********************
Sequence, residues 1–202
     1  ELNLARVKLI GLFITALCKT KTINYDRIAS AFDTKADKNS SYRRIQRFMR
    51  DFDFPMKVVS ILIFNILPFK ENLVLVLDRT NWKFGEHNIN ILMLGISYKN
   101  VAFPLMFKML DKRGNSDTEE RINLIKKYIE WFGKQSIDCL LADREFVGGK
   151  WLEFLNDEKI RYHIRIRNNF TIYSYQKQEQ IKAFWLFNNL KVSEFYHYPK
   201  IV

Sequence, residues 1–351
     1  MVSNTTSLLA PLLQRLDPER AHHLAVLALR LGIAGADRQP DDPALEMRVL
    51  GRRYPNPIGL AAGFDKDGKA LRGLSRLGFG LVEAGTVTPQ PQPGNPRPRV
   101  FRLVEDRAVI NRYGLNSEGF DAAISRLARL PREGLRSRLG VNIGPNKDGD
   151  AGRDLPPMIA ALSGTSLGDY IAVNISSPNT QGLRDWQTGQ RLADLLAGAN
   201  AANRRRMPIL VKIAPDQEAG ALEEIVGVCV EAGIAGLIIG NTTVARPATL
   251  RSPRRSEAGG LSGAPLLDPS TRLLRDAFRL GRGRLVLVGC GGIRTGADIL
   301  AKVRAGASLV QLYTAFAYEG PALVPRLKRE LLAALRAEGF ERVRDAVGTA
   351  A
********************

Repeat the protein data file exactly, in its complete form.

Sequence, residues 1–202
     1  ELNLARVKLI GLFITALCKT KTINYDRIAS AFDTKADKNS SYRRIQRFMR
    51  DFDFPMKVVS ILIFNILPFK ENLVLVLDRT NWKFGEHNIN ILMLGISYKN
   101  VAFPLMFKML DKRGNSDTEE RINLIKKYIE WFGKQSIDCL LADREFVGGK
   151  WLEFLNDEKI RYHIRIRNNF TIYSYQKQEQ IKAFWLFNNL KVSEFYHYPK
   201  IV

Sequence, residues 1–351
     1  MVSNTTSLLA PLLQRLDPER AHHLAVLALR LGIAGADRQP DDPALEMRVL
    51  GRRYPNPIGL AAGFDKDGKA LRGLSRLGFG LVEAGTVTPQ PQPGNPRPRV
   101  FRLVEDRAVI NRYGLNSEGF DAAISRLARL PREGLRSRLG VNIGPNKDGD
   151  AGRDLPPMIA ALSGTSLGDY IAVNISSPNT QGLRDWQTGQ RLADLLAGAN
   201  AANRRRMPIL VKIAPDQEAG ALEEIVGVCV EAGIAGLIIG NTTVARPATL
   251  RSPRRSEAGG LSGAPLLDPS TRLLRDAFRL GRGRLVLVGC GGIRTGADIL
   301  AKVRAGASLV QLYTAFAYEG PALVPRLKRE LLAALRAEGF ERVRDAVGTA
   351  A